Enterprises’ big debts, large inventories, declining production capacities growing and growing number of closures and bankruptcies have illustrated a gloomy business prospect. Thanh Thu takes a closer look.
Vietnam Institute of Economics director Tran Dinh Thien’s gloomy debt figures of real estate businesses and the concept of ‘property inventory’ caught special attention from participants at a conference on Vietnam’s economic situation held last week in Hanoi.
Thien said 69 property companies listed on Vietnam’s stock market aggregately owed VND67 trillion ($3.22 billion) to banks by late 2011, with annual interest of VND13.4 trillion ($644.2 million). In the fourt quarter of last year, the companies’ short-term debts amounted to VND26.4 trillion ($1.27 billion).
Thien said this meant the companies would need at least VND39.8 trillion ($1.91 billion) to pay the debts in 2012 while their cash flow just reached only VND915 billion ($44 million).
“This is a worrisome statistics,” he noted, adding that in reality, there were many more property companies facing the same trouble.
According to figures released by Dragon Capital, an integrated investment group centred around the emerging financial markets of Vietnam, some VND70 trillion ($3.37 billion) are needed to buy up the 70,000 apartments on sale in Hanoi and Ho Chi Minh, supposing the average price is VND1 billion ($48,000) per unit.
Indeed, apartments in the two cities are normally sold at much higher prices. Ho Chi Minh City Property Association reported that 90 per cent of the city-based property firms had suffered from losses since last year.
Thien said property businesses’ huge debts and unsold apartments would continue to pose a big risk on the banking system and likely force the companies to bankrupt. And these indicators are typically showing the bad heath of the business community and the economy as well.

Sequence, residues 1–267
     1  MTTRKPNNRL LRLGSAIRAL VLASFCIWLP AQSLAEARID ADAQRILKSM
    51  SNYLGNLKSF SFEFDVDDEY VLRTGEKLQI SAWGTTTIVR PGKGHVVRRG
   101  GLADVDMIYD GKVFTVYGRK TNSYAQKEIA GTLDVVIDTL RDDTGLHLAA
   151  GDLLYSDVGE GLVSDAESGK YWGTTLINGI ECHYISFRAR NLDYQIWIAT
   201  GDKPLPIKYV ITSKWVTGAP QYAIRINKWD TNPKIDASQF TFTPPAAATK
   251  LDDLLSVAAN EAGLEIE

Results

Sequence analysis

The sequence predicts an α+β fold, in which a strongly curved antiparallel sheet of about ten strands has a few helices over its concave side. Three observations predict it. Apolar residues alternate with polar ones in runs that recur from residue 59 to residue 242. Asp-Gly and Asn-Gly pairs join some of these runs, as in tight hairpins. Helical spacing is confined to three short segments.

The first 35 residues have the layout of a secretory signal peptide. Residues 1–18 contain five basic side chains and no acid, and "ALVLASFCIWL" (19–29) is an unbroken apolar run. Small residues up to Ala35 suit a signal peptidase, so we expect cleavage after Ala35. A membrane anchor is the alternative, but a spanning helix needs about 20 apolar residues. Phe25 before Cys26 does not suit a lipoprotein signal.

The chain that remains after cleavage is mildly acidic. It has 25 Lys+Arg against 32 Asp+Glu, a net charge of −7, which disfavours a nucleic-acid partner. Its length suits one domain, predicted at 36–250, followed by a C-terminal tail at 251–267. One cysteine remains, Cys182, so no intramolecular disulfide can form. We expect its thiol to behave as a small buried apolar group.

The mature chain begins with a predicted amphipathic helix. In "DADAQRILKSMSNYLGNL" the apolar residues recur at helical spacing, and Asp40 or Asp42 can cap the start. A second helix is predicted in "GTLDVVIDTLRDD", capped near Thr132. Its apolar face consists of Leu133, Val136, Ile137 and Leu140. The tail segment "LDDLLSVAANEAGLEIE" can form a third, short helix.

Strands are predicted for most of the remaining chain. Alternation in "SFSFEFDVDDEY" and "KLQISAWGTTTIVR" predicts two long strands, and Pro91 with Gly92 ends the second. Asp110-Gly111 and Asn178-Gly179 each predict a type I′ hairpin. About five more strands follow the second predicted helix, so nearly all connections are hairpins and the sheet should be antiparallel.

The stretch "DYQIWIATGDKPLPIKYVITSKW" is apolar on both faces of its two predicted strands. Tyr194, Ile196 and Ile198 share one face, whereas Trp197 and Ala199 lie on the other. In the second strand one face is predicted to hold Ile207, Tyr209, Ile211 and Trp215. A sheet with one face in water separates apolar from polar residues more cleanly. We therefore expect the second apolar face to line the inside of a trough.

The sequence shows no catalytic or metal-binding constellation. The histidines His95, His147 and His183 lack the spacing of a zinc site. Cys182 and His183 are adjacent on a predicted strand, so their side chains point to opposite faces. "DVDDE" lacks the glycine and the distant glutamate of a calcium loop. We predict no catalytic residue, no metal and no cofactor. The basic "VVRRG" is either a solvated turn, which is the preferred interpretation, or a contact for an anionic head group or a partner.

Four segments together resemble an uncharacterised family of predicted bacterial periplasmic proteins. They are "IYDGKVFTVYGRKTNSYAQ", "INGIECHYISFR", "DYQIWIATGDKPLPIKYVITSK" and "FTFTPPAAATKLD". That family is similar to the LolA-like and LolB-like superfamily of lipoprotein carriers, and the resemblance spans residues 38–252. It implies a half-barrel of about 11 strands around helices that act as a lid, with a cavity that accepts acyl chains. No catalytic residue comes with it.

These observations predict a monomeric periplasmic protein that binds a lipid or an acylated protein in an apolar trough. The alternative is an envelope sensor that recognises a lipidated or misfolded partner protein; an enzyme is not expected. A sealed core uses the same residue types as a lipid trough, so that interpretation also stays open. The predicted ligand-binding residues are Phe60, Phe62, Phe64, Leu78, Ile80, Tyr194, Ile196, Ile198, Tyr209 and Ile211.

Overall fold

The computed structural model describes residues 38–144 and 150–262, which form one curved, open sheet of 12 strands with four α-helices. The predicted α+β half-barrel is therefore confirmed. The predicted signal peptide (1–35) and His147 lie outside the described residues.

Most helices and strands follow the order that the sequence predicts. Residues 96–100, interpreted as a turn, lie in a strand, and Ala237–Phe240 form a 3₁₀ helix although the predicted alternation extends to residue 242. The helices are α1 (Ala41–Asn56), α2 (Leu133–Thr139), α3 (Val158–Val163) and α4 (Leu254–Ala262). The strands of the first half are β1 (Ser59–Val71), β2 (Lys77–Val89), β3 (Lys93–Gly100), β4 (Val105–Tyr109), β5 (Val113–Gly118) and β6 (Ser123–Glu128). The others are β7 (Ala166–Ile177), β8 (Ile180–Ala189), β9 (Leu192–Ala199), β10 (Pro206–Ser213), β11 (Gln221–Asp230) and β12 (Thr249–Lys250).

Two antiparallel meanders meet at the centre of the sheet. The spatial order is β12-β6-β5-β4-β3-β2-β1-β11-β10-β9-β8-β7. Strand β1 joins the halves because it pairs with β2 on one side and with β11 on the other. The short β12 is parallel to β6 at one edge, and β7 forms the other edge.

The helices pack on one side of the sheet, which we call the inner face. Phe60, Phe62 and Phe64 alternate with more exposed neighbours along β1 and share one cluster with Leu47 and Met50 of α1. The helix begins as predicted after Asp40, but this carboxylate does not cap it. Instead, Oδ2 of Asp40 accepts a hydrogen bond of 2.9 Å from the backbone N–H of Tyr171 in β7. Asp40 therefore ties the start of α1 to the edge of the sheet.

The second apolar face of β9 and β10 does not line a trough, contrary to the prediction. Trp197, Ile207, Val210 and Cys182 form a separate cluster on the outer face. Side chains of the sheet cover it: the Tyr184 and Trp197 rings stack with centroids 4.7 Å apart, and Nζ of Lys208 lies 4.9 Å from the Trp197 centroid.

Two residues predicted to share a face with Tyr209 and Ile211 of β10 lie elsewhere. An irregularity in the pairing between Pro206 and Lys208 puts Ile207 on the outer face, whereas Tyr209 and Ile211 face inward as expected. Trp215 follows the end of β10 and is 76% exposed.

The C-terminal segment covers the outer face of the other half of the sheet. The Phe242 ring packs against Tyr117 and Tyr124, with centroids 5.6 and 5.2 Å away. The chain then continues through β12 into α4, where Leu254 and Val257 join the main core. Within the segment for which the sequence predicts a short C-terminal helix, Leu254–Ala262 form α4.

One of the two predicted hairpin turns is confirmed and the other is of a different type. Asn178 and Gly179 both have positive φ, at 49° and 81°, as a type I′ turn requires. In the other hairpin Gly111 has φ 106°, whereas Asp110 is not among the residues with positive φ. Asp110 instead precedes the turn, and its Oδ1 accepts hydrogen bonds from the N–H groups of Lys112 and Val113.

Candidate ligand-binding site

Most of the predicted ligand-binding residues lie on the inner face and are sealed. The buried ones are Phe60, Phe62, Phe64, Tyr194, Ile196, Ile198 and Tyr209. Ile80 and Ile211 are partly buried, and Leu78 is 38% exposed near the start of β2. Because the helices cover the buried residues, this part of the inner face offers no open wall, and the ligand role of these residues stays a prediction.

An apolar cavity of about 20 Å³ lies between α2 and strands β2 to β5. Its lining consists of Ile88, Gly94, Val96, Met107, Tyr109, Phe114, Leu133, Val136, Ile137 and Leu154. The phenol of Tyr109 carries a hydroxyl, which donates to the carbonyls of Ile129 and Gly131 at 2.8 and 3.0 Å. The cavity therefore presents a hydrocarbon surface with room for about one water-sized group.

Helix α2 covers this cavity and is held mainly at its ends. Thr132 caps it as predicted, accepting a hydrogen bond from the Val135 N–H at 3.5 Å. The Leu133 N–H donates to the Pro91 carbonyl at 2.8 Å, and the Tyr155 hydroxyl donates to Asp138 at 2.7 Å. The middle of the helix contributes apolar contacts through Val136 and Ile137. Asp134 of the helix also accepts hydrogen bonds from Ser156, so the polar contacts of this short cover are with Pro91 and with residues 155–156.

“If there is no solution to stimulate house buying demand, it will take at least seven years for the companies to sell off these apartments,” Thien said.
Massive debts and inventories
Huge debts are also reported in several sectors. According to Vietnam Institute of Economics’ data, 15 major cement companies were bearing an aggregate debt of VND25.5 trillion ($1.22 billion). Vietnam Customs in early September announced that nine wholesale petrol traders owed more than VND192 trillion ($9.23 billion) in taxes, with the majority being overdue. Petrolimex was the biggest debtor, followed by Military Petroleum Corporation, Vinapco Company and PetroVietnam Oil Corporation.
The General Statistics Office (GSO) reported in late September that the inventory index in the processing and manufacturing sector mounted by 20.4 per cent on-year by early last month. Notably, in the corresponding period last year, the index decreased by 5.5 per cent.
Vietnam Construction Porcelain and Ceramic Association chairman Dinh Quang Huy said the total value of the local porcelain and ceramic companies’ inventory reached VND3.5 trillion ($168.27 million) in September.